by Kimberly A. Cook                 (Twitter@  WarriorTales)

In my closet hangs a beautiful multi-colored scarf I bought in a beach-side shop in Nice, France in 1983. It shimmers in the light and is one of my favorite souvenirs from that three-month camping trip in Europe.


The Peace rose. A goal for all of us.


Dallas, Texas always reminds me of sprinting through its huge airport to try to get from gate to gate to catch a connecting flight for desert training with the Air Force Reserve.

Never having stepped foot in Louisiana, I got a taste of it when Pops Borskey, a Louisiana native and World War II Seabee, hauled my butt from Cimarron, New Mexico to Washington, D.C. in May 1998 in his red chase truck while we were on the Run For The Wall to honor POWs and MIAs.

Images, memories and places all tied together now in a matter of days because of tragedy. What struck me so hard about two of these nightmares was realizing military veterans killed their fellow military veterans and police officers.

First my condolences to the families, friends and co-workers of the fallen. Law enforcement members are a tight family and they all bleed for each other, literally.

Freedom comes at a cost, both at home and around the world. But acts of evil are no reason to change our lives because if we do, evil wins.

We strive on. We honor the fallen and support their families, friends and communities. We must work to make sure we remain committed to each other, not divided.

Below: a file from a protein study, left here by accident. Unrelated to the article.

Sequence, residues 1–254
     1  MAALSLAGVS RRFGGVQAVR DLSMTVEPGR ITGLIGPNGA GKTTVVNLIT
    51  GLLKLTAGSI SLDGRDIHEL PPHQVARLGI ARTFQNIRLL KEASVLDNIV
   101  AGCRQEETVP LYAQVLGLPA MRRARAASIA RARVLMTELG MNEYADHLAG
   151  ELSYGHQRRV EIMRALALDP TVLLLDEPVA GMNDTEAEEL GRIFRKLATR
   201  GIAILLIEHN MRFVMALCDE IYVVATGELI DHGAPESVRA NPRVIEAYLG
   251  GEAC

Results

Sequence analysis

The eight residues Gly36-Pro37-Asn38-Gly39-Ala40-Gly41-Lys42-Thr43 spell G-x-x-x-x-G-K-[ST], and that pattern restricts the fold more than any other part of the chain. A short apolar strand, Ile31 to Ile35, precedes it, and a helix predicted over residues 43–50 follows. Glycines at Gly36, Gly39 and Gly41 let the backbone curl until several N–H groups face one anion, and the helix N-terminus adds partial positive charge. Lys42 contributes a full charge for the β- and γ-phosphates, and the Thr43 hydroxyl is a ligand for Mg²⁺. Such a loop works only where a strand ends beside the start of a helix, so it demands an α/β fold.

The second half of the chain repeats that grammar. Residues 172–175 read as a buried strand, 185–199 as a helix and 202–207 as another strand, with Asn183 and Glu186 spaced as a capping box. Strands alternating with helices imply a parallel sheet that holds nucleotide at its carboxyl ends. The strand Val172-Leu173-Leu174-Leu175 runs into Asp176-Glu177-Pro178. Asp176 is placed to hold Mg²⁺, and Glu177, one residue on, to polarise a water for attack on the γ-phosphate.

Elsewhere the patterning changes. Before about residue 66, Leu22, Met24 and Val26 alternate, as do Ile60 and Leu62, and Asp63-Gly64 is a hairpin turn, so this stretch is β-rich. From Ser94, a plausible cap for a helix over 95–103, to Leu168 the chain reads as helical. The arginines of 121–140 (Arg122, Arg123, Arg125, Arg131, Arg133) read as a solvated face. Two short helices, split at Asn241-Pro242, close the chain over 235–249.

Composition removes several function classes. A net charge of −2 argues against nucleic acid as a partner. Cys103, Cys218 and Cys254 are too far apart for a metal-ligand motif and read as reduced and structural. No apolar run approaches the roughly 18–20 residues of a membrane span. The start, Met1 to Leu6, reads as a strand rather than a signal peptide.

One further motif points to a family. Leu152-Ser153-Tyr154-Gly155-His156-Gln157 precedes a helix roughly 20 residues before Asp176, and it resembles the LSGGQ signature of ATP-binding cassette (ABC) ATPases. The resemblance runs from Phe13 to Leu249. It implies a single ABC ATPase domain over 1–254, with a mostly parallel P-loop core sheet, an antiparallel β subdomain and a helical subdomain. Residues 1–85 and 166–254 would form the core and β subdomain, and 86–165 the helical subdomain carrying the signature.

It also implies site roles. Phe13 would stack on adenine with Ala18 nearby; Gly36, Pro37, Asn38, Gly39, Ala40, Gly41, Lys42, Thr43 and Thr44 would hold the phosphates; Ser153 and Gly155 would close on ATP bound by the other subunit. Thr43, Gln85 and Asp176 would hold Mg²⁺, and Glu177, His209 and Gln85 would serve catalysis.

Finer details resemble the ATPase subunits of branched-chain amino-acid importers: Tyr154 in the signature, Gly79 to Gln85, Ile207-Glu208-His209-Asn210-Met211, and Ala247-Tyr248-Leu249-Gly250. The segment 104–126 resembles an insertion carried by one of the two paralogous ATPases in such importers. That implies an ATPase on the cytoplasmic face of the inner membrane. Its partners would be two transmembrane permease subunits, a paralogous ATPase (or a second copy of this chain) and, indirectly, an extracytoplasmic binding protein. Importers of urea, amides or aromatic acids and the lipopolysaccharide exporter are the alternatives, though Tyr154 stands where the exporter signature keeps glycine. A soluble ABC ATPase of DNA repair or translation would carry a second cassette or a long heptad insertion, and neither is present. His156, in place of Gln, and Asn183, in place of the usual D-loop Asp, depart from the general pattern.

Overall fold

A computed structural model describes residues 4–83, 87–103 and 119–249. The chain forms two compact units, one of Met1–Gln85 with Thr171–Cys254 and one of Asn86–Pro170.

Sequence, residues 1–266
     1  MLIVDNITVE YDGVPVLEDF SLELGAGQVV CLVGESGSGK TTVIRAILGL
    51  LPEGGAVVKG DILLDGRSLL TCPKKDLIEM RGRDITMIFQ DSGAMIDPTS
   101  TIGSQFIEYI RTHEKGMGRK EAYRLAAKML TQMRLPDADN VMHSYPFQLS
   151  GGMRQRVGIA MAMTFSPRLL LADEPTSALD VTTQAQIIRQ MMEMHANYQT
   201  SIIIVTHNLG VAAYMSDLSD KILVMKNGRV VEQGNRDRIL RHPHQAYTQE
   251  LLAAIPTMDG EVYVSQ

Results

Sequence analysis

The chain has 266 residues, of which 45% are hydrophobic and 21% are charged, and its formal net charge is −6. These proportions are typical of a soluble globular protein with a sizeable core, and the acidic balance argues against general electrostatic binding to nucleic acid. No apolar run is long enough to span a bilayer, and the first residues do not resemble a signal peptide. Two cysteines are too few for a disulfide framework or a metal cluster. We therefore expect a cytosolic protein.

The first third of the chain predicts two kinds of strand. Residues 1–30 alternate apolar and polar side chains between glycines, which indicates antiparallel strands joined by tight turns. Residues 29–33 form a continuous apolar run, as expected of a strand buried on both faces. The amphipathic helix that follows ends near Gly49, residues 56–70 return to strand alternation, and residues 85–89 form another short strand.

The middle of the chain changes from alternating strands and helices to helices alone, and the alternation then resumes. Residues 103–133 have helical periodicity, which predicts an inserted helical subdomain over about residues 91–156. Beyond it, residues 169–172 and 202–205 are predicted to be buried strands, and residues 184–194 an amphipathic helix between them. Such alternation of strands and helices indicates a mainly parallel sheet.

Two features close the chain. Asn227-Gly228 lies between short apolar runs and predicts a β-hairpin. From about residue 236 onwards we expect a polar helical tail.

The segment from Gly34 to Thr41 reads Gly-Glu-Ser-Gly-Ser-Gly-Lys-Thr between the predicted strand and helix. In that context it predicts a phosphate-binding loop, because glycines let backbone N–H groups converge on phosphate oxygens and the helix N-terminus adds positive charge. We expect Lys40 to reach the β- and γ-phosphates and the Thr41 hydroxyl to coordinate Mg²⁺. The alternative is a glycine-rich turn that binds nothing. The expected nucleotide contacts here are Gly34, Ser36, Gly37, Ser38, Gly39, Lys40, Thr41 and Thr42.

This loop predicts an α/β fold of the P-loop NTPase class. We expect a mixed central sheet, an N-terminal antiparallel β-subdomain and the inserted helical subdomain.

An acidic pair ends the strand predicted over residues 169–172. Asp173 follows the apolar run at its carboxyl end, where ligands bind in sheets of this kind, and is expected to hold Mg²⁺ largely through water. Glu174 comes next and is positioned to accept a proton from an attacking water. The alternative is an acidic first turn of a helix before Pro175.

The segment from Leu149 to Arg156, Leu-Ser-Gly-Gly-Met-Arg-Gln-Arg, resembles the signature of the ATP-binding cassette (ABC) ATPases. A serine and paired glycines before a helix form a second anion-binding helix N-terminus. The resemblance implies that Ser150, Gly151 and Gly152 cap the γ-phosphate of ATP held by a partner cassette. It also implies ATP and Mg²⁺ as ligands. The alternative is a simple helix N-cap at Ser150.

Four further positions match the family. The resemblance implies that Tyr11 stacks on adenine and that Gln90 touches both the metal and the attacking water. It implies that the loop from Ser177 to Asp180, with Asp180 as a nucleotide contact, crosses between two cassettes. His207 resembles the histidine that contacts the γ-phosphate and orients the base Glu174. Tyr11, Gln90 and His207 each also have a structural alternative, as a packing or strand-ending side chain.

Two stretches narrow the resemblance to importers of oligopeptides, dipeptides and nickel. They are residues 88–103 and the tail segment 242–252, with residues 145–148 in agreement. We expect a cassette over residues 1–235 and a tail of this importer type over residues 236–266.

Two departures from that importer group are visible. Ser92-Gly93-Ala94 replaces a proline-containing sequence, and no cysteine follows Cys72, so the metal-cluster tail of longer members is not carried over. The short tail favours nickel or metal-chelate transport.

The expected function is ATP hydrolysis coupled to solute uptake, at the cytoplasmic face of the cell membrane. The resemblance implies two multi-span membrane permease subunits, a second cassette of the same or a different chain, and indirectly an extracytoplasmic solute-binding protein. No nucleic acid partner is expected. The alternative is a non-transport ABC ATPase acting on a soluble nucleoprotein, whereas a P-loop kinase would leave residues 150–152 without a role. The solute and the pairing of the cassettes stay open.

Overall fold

As a young nation during the Civil War, brother fought against brother for the right of African Americans to be free people.

In that bloodiest of wars there were 2,213,363 Union soldiers and 1,050,000 Confederate soldiers. A total of 140,414 Union and 74, 524 Confederate battle deaths, plus 224,097 other Union and 59,297 Confederate deaths in theater.

A total of 498,332 lives lost from 1861 to 1865. The United States population in 1861 was 31,443,321. Our ancestors killed almost sixteen percent of the entire population of this country; fighting ourselves for the rights of one race to be free.

We cannot go back to fear and hate, we must move forward. Losing one life is too many. We must open our hearts and minds and truly listen to each other. We have to work together to speak frankly and exercise our empathy toward all.

In my wallet I carry a laminated letter to Ann Landers from April 18, 1990.

Dear Ann Landers: Recently you printed that wonderful quote from Edmund Burke, “All that is necessary for the triumph of evil is that good men do nothing.”

I can’t resist the temptation to add these words from a speech by William Faulkner when his daughter, Jill, graduated from high school: “Never be afraid to raise your voice for honesty and truth and compassion against injustice and lying and greed. If people all over the world, in thousands of rooms like this one, would do this, it would change the earth.”

-A.H.P., Memphis

Let’s honor the lives of the Americans we’ve lost by forging stronger communities. Let’s look inward to our own prejudices and listen outside of ourselves to learn how we can stop those whose pain, anger and mental health issues are so great they speak with violence instead of words.

Let’s change the earth, our nation and ourselves; one mind at a time. We owe it to those we’ve lost too soon.